I have always been fascinated by food history and, in particular, Southern food history. There is something about knowing where your food comes from that excites me, as if I have been let in on a special secret. I’m not talking about just what farm on which your vegetables were grown or how your pork was raised, but really knowing how the dishes you prepare each night, the old family recipe kept locked away in a decaying book, the one dish that defines your entire childhood came into being. There’s a story behind it all; a beginning, a middle and a never-ending. But nowhere can you find more history, a chance to glimpse at the daily life of yesteryear, than a vintage cookbook. These books to me are the Old Testament of food, filled with poetic preludes, kitchen law and folklore, nearly extinct ingredients and antiquated cooking methods. The pages call out to the reader, enticing, tantalizing, waiting for someone to recreate a dish or learn a forgotten technique modern kitchen appliances have made obsolete.
Most vintage Southern cookbooks were written by former matriarchs of large plantation families, while others by women of humbler means like those on the farms that covered the varied landscape of the South, and still others by the many city slicker Leagues of Atlanta, New Orleans or Charleston. However, for me, the most fascinating cookbooks are those by African American women living prior to 1940. Pages upon pages of dishes and recollections which followed their families through slavery and into the almost as cruel Jim Crow era. It is in these books that we learn of their daily diet, the various plants and animals grown on their tiny plots of land, how they survived on little yet always seemed to perform the miracle of the 5 loaves and 2 fishes regularly. You can almost hear them speaking to you as you read aloud the recipes written in their distinct vernacular. A history lesson wrapped in food, etymology, seasons and culture.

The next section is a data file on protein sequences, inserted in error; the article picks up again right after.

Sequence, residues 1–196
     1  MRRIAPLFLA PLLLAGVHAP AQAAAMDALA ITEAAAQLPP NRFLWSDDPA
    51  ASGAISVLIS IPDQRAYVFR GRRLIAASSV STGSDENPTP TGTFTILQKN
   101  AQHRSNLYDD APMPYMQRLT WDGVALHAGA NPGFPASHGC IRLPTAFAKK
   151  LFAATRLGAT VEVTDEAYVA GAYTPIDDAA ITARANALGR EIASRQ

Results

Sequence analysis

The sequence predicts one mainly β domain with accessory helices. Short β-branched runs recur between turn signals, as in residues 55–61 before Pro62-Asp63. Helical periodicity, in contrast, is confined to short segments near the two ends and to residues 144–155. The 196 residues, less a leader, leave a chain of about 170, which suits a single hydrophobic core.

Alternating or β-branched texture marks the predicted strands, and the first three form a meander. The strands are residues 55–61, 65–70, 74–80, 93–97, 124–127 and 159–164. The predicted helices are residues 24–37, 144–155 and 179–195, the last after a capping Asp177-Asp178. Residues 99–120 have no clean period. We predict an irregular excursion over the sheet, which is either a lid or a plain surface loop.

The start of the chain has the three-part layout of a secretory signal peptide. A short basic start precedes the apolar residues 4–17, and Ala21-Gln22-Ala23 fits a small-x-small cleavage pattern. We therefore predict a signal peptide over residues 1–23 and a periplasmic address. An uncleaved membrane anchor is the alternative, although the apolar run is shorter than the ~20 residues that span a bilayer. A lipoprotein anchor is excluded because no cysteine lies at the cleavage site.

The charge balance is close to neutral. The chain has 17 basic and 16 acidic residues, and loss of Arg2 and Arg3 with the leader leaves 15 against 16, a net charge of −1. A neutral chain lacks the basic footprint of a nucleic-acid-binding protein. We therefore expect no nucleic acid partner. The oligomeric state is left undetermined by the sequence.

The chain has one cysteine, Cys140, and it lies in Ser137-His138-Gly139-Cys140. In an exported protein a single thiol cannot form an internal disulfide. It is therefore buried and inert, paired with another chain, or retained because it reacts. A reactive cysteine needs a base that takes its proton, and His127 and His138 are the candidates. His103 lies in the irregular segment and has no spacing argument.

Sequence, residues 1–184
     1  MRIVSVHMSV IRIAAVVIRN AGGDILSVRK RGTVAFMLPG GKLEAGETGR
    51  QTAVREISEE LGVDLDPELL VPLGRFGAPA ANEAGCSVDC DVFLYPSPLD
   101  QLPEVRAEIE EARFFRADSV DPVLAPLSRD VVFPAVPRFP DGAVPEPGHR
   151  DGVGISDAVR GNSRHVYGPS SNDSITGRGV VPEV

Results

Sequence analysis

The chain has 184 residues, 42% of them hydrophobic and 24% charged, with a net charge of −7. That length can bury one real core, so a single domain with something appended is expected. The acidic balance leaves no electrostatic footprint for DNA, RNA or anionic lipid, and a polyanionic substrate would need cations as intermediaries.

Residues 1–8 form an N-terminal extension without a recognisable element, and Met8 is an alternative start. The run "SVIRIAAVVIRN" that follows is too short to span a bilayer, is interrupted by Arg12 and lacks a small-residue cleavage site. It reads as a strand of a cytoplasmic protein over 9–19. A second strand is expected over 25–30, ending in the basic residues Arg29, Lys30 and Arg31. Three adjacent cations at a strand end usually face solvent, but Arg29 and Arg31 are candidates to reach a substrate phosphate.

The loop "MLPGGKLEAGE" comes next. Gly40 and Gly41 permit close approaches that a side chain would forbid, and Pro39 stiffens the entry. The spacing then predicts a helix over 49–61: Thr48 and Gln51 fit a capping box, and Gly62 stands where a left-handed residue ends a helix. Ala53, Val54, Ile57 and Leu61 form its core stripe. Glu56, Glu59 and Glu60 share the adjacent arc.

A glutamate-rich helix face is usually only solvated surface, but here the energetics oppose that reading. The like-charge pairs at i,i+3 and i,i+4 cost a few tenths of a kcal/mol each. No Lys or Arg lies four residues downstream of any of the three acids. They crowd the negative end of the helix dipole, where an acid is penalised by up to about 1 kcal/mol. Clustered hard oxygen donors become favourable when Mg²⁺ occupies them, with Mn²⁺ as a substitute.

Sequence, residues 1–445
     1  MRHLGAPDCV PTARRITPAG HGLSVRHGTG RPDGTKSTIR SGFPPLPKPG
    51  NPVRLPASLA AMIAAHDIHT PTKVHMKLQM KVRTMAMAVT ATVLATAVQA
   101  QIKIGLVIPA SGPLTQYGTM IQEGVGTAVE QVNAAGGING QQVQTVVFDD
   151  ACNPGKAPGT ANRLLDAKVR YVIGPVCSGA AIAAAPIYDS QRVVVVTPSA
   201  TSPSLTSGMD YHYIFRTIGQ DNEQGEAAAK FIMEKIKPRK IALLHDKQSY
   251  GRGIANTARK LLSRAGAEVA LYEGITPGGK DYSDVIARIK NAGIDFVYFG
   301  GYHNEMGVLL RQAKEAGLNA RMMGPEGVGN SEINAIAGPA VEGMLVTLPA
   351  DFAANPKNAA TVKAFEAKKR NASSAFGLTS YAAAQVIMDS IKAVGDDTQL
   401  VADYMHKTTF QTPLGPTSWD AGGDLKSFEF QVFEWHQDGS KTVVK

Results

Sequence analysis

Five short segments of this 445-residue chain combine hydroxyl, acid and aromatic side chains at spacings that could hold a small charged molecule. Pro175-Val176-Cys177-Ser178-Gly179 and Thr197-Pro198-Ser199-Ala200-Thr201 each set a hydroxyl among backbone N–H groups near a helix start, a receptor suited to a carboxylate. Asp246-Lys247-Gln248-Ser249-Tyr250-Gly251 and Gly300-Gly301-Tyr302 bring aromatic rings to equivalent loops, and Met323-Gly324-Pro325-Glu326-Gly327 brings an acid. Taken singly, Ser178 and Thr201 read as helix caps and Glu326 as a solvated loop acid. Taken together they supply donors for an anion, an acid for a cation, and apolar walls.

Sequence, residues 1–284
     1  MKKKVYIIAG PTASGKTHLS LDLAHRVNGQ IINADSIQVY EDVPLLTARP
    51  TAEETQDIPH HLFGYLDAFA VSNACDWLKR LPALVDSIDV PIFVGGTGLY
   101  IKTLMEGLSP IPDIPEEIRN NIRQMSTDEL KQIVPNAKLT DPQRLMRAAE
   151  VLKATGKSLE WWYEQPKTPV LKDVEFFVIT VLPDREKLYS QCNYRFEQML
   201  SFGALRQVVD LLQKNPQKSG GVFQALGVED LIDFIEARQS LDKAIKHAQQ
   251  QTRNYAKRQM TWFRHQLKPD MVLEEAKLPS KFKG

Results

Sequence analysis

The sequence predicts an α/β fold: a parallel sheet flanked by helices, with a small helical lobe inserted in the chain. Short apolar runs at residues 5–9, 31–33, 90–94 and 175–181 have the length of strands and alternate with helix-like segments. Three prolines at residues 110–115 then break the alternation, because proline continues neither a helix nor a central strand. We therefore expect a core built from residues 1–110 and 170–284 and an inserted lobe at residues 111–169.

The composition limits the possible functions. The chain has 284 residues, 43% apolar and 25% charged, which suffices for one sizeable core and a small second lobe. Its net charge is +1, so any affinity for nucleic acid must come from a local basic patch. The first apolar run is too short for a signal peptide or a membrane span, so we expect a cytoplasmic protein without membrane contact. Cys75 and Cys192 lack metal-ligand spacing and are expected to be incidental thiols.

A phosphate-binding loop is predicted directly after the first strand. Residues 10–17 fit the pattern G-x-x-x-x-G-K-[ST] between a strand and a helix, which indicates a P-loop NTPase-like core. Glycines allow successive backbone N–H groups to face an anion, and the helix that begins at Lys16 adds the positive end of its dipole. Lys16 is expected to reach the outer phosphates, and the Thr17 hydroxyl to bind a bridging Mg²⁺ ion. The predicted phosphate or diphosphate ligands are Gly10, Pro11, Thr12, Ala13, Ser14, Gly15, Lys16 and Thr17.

I recently stumbled upon the cookbook What Mrs. Fisher Knows about Old Southern Cooking through a friend of mine after discussing our mutual love of Southern food in an historical context. As we nerded out over our affinity for vintage African American recipes, it became apparent that I needed to add this lovely to my growing collection. Yes, I am becoming the crazy cookbook lady.
Abby Fisher is said to be the first ex-slave to write a cookbook. She had moved to San Francisco from Mobile, AL after the war with her husband and began to cook and cater for the various wealthy families of the city. With the help of the Women’s Co-operative Printing Office of San Francisco, Mrs. Fisher published her many recipes in 1881 which included dishes like Ochra Gumbo, Corn Fritters and Chow Chow. It is likely she had the recipes transcribed for her as it is said she was mostly illiterate. Her story is now a part of Southern history and the food she cooked preserved forever in print for the next generation.
And just like that, Amazon has notfied me that my copy of What Mrs. Fisher Knows about Old Southern Cooking has shipped.
Awaiting your arrival, Mrs Fisher. In a mere two days, my kitchen will soon be yours.